Saturday, August 29, 2015
January 18, 1899: George Call and John Shaw
Today we learn about a Tennessee lynching through the pages of The Atlanta Constitution (Atlanta, Georgia) dated January 19, 1899:
BOTH WERE SHOT TO DEATH
Lynching of Two Negroes at Lynchburg, Tenn.
Nashville, Tenn., January 18.—George Call, alias Toney, and John Shaw, alias Piglit, negroes, both of bad reputation in the community, were shot and killed by unknown persons at Lynchburg last night. Their bodies were found at an early hour on Poplar street. Call was shot twice through the heart, and Shaw five times through the head and body. both had served terms in the penitentiary for robbery, and some time ago they were whipped by whitecaps and run out of town, but returned. Each was about eighteen years old. A cotton rope was found around the neck of each.
A more in depth article comes to us through the January 19, 1899 edition of The Times (Philadelphia, Pennsylvania):
LYNCHED TWO BAD MEN
A Mob of Tennessee Farmers Hanged Desperadoes.
Special Telegram to THE TIMES.
Chattanooga, Tenn., January 18.
News Reached Chattanooga this afternoon of a double lynching which occurred early this morning at Lynchburg, Tenn. Some two years ago George Call, alias Gill Toney, and John Shaw, alias Wright, colored were convicted of robbery and attempted murder. They were given terms in the Penitentiary, but after serving a few months were pardoned. Both were desperate men and upon their return to Lynchburg terrorized the neighborhood to such an extent that ladies were afraid to venture out after nightfall. During the past month numerous robberies have been committed in and about Lynchburg. Several days ago two negroes entered and robbed the homes of several farmers residing near the town. The negroes were suspected and were taken out and severely thrashed by Whitecaps. Monday night another house was broken into and a lady struck on the head by one of the robbers. The negroes entered their hut and defied the officers of the law. The lady is now in a precarious condition.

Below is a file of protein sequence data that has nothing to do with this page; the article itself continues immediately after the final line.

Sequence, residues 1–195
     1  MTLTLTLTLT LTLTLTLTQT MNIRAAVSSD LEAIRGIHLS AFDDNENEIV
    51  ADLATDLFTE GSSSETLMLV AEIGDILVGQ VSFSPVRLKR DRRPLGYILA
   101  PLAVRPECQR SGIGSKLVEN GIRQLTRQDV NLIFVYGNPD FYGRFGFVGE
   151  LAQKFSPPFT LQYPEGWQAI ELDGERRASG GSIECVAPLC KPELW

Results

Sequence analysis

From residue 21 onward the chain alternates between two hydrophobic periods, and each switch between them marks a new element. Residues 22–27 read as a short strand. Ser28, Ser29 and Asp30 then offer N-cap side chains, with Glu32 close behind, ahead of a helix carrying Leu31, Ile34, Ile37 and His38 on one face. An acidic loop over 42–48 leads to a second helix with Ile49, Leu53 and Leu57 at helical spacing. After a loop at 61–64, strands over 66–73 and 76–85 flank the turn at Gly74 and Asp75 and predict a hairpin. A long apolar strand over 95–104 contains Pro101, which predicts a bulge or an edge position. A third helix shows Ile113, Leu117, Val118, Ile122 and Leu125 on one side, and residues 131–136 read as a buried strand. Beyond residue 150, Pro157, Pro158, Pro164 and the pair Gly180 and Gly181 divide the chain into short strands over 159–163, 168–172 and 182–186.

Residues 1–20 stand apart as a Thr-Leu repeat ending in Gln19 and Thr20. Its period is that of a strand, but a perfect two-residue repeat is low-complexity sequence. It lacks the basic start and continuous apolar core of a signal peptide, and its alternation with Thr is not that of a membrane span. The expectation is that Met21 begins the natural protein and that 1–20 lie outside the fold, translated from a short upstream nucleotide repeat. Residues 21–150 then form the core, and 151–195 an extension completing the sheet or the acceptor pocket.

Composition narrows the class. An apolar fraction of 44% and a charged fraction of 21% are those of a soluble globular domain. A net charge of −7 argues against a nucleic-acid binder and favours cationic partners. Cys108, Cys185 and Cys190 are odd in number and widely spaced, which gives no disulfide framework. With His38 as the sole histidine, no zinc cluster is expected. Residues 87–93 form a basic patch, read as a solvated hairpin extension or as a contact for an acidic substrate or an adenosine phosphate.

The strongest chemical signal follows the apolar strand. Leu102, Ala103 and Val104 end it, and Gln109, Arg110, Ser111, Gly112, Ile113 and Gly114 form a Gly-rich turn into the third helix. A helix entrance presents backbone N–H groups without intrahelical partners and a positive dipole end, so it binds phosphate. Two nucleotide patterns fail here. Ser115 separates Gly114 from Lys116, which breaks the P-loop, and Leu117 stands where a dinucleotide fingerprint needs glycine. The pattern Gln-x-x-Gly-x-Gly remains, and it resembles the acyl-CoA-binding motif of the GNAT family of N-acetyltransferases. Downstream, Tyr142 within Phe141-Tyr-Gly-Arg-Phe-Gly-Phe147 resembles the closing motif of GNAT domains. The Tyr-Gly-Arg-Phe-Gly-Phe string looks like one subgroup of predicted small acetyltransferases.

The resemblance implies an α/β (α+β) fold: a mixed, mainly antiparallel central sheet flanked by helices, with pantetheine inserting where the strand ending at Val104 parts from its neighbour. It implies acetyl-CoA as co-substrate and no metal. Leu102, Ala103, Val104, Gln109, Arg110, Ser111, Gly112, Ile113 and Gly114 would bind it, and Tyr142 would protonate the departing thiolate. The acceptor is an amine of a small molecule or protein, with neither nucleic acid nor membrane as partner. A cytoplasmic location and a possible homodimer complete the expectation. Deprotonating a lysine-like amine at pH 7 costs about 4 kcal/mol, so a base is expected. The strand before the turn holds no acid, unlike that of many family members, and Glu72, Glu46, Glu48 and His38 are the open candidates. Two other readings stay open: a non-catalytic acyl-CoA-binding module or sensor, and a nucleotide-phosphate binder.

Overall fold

This morning about 1 o'clock a mob of one hundred masked farmers rode up to the negroes' cabin. They surrounded the house and, after firing a few shots, made Call and Shaw prisoners. The leader of the band told the negroes to prepare for death, at the same time exhibiting a rops. The cowering culprits screamed and pleaded for mercy. They were dragged at the end of ropes to poplar street, in the centre of town,where speedy preparations were made to hang them to a lamp-post.
During this time the negroes were struggling for their lives, praying and appealing to the mob to spare them. While the men were being hoisted to the top of the lamp-post Shaw fought desperately. Securing a knife from his pocket he cut the rope above his neck and as he fell the mob fired a volley, killing both men instantly. An inquest was held over the remains to-day. The verdict was that they came to their death at hands of unknown parties.
The first article I read came from The Indianapolis News and the body of the article read exactly the same as did The Atlanta Constitution's article. The headlines, however, never used the word lynched. This is why I do not rely on the articles wording to decide if I should feature a lynching, but instead if I find it on the lynching lists and it meets the definition of lynching. Thank you for joining me and as always, I hope I leave you with something to ponder.